A Prayer After Charlottesville

What happened in Virginia this week is terrible – terrible in the disregard for human life that started it, and terrible in the violence that has escalated from it. Sometimes, when I see events like this unfold, I begin to nurture a judging hate for those responsible. I call them names; I don’t want to be counted as “human” along with them. But that, of course, is the kind of thinking that started all this in the first place. So at times like this, I think it’s especially important to follow Jesus’ instructions in Matthew 5:43-45:

43 “You have heard that it was said, ‘You shall love your neighbor and hate your enemy.’ 44 But I say to you, Love your enemies and pray for those who persecute you, 45 so that you may be children of your Father in heaven; for he makes his sun rise on the evil and on the good, and sends rain on the righteous and on the unrighteous.

So I invite you to pray – first, for those responsible for the events in Virginia, but also for any you count “enemy” in your own lives.

God, this week things happened that breaks our hearts. Hatred. Prejudice. Violence. You are the one who eliminated distinctions like “Jew” and “Greek” through your son, Jesus Christ. We know beliefs like white supremacy are counter to your grace and love for all human beings. You are the one who instructed us to turn the other cheek; we know retaliative violence is counter to your will for us.

We also know that the people responsible for these events are your children as well. You have asked us to pray for those who might be our enemies. So we lift them into your hands. God, please bring healing to all those involved. Be with Jason Kessler, the organizer. Be with James Alex Fields Jr, the driver of the car who killed one and injured so many. Be with all the young men in this white supremacy group. Convict them of their sins; turn them into repentance; forgive them through your grace; heal them of this hate.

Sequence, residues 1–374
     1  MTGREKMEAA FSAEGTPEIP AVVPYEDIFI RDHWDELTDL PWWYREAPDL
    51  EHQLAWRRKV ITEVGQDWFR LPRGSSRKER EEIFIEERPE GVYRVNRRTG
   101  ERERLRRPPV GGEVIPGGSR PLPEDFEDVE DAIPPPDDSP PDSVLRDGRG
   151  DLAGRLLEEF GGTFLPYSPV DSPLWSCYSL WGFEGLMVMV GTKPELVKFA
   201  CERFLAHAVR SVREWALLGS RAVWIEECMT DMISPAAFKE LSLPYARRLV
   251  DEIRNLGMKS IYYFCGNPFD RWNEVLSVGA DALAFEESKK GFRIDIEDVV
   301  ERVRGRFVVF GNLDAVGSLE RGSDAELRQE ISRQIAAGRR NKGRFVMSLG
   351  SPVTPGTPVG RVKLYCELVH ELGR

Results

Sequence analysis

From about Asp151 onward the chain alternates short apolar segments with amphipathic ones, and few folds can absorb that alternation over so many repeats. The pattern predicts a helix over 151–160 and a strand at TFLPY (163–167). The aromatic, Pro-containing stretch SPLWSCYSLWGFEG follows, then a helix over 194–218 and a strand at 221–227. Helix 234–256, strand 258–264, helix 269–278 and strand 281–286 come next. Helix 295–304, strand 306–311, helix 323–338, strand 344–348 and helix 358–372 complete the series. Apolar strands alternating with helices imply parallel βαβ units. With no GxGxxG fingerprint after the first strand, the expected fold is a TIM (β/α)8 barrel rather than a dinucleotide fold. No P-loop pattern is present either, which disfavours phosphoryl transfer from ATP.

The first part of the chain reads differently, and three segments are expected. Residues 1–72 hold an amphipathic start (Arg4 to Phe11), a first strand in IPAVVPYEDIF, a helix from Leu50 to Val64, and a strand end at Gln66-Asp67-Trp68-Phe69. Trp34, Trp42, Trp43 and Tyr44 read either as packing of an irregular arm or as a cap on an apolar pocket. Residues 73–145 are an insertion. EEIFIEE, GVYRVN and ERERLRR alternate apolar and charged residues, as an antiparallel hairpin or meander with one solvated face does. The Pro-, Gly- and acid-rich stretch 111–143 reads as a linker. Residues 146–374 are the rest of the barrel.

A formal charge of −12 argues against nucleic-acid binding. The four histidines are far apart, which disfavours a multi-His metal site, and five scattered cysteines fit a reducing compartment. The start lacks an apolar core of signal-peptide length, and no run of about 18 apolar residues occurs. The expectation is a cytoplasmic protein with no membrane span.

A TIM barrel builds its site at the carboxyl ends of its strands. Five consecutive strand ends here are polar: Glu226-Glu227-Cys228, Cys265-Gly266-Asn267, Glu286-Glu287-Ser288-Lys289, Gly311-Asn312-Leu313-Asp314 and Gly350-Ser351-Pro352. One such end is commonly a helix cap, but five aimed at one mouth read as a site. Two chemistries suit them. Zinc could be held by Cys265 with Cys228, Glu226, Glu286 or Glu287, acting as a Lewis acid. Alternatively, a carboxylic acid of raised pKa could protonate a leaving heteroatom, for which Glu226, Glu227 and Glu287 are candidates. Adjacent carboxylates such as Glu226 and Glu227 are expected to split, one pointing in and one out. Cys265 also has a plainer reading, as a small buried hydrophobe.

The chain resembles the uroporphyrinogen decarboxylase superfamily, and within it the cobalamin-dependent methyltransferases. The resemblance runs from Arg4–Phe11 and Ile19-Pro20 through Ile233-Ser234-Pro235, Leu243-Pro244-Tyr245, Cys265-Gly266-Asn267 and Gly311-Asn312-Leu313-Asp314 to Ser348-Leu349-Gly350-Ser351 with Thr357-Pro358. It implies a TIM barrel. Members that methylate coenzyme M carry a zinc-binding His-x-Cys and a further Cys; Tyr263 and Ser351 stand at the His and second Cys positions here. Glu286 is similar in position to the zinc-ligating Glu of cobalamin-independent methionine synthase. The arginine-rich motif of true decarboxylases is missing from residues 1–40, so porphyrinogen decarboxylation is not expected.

These are not the only enemies we have, God. There are others, more personal to us.

We pause to pray for those who have been cruel and unkind to us.

We pray for those who have broken our trust.

We pray for those who have neglected to help us, turned our backs on us.

We pray, God, for our enemies. We ask you to heal them and forgive them – because we, too, need your healing, and we, too, need your forgiveness. Your grace extends to all of us. In your mercy and through the sacrifice of Jesus Christ, you don’t hold it back from anyone. In the prayer he taught us to pray, Jesus instructed us pray for this forgiveness for everyone. We join our voices as one to pray…


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